Scholars of the remittance trade have emphasized the foundational role remittances have played in the development of the modern Chinese economy itself”
The qiaopi system evolved over time. The earliest letters were borne across the seas by individual couriers called shuike (水客) or “water guests.” These men, “part courier, part itinerant entrepreneur, part village hero,” ferried money and notes to and from China, and sometimes expanded opportunistically into related services, transmitting not only letters, but also clothes, food, and even people. Acquiring and keeping clients meant forming bonds of deep trust: the shuike’s trade relied on robust kinship connections, personal contacts and knowledge of the villages in which they worked. But over time, new, formal institutions developed which absorbed these functions. An individual shuike might appear erratically over the year, depending on availability, and the comings and goings of the monsoon; he might ply his trade from a makeshift table in a choice spot under a tree, or visit regular clients informally in their houses. By the turn of the century, a growing demand for more reliable services prompted the emergence of the piju: a professional remittance office with greater capacity, regular schedules, and lower overheads.
Even the piju were eventually absorbed by other modern institutions able to offer the same services at an even greater scale. Such was the flow of letters that China’s emergent state institutions, post offices but above all banks, eventually muscled into the market. By the 1930s, the Hong Kong Shanghai Banking Corporation (HSBC), the Overseas Chinese Banking Corporation (OCBC) and the Bank of China, had between them come to dominate and grow fat on it, jostling to invent and supply the money orders and other remittance mechanisms on which the piju themselves came to depend. It is no surprise, therefore, that scholars of the remittance trade have emphasized the foundational role remittances have played in the development of the modern Chinese economy itself.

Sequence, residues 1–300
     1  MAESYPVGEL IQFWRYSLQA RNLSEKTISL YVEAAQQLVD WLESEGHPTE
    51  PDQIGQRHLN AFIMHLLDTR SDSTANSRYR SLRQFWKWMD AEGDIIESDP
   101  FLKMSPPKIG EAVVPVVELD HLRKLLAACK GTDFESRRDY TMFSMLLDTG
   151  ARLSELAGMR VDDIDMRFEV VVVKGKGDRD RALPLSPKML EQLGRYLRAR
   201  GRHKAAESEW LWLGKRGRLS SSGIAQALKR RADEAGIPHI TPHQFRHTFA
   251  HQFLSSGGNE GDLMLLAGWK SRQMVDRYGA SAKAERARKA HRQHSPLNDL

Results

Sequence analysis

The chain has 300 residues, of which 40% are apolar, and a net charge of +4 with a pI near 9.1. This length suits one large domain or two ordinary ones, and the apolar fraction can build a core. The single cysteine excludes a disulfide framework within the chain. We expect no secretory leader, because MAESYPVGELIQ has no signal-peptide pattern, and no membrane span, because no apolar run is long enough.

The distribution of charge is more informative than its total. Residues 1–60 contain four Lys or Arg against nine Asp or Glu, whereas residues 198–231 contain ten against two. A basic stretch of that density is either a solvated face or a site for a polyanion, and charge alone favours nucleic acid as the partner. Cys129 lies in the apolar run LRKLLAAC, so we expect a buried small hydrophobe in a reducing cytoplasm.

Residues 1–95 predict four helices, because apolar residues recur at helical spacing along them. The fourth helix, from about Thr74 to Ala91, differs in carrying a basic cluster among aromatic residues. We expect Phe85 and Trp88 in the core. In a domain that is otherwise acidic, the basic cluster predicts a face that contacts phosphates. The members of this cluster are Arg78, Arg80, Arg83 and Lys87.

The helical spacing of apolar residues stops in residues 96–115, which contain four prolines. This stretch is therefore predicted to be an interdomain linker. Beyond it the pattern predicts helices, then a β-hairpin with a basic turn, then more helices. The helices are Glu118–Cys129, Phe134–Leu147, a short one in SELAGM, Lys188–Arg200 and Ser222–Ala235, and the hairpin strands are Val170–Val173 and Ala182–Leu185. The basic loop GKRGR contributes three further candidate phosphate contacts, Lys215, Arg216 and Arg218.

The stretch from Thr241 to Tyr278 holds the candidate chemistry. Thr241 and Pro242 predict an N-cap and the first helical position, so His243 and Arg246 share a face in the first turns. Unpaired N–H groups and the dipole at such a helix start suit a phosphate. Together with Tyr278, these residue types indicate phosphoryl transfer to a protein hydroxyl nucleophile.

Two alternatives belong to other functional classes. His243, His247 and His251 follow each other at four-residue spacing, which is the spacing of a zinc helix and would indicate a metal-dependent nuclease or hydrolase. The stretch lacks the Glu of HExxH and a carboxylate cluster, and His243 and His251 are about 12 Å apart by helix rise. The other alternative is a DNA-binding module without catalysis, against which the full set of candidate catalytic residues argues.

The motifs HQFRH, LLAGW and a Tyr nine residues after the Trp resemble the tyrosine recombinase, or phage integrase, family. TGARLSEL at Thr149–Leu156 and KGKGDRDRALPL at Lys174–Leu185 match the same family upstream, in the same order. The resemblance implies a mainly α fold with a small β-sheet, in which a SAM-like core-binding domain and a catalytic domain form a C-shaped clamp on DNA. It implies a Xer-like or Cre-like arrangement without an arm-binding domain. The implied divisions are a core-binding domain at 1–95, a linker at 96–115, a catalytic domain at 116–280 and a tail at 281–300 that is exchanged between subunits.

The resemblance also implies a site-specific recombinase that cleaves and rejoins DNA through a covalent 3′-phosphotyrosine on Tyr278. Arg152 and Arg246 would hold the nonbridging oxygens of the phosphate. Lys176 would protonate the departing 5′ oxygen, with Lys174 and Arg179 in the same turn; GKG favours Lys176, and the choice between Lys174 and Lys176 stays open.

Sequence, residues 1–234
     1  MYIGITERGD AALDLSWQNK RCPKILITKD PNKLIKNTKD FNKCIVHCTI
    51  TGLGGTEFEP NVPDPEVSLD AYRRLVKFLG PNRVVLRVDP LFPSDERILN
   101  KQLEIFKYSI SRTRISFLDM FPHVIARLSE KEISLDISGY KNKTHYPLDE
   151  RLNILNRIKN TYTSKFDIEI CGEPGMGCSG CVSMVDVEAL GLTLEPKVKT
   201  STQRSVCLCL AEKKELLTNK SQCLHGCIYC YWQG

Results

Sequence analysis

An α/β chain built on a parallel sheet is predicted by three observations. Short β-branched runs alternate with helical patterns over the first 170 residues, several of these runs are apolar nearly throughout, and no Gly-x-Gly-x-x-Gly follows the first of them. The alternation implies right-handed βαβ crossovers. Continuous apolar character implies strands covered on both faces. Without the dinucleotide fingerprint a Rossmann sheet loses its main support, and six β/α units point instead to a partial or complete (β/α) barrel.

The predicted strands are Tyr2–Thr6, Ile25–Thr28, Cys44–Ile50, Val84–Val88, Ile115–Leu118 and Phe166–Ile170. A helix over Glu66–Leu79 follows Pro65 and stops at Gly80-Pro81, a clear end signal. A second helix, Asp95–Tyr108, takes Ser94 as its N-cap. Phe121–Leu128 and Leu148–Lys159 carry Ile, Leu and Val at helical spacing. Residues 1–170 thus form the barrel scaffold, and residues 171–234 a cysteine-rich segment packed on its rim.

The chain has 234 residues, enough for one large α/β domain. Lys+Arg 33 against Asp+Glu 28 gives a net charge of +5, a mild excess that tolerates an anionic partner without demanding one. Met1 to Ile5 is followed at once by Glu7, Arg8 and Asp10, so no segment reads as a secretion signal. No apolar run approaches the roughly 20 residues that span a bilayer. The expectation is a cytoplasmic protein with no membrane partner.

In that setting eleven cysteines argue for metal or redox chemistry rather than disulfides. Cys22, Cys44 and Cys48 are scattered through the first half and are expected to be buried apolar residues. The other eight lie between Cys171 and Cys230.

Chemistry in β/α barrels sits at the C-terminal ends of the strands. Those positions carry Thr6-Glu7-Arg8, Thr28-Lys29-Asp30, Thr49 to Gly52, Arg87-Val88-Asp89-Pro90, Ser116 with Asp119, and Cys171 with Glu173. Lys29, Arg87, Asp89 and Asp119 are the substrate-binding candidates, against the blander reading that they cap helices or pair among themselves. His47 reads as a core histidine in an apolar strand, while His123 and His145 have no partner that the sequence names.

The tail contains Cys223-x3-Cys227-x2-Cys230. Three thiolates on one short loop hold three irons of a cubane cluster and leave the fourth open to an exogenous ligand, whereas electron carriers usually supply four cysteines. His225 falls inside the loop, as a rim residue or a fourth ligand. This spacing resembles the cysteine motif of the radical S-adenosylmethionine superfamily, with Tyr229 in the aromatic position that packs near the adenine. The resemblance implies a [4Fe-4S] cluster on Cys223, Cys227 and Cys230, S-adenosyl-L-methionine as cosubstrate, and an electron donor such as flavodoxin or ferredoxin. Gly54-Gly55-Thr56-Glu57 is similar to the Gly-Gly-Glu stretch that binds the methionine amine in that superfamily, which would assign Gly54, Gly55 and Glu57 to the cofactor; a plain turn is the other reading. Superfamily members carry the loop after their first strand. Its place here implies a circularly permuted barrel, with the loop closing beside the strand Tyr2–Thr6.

Benton and Liu are quick to stress, though, that there was no simplistic transition from one to the other, so often couched in hoary ‘tradition-to-modernity’ narratives. Despite the proliferation of letter offices, banks and remittance conglomerates, shuike continued to coexist in this crowded ecosystem, filling in gaps that the piju did not reach, and offering a range of flexible and personalised services that big banks could not. One did not simply replace the other. Rather, the sheer ubiquity of these money-letters throughout much of the twentieth century, whether transmitted by hand or by wire, attests to their cultural centrality: a network of lifelines that nourished and sustained transnational Chinese families across space and time.
More flowed along these networks than simply money. In Benton and Liu’s telling, the qiaopi embody not one but two major ties linking sojourners with China: the financial alongside the emotional. Scans of selected qiaopi, offered with translation in the appendix, reveal how the material nature of these letters shaped their content. Little more than notes on slips of paper – barely tissue fragments in some cases, since they were paid for by weight – the qiaopi format ruthlessly prevented lengthy exposition. Letter-writers crammed their sheets to the margins with characters; there was little space for extraneous sentiment. Love, care and worry were distilled into curt pleas for money and the dispensation of stern familial advice. As one mother wrote with characteristic severity to a son in Vancouver in 1903: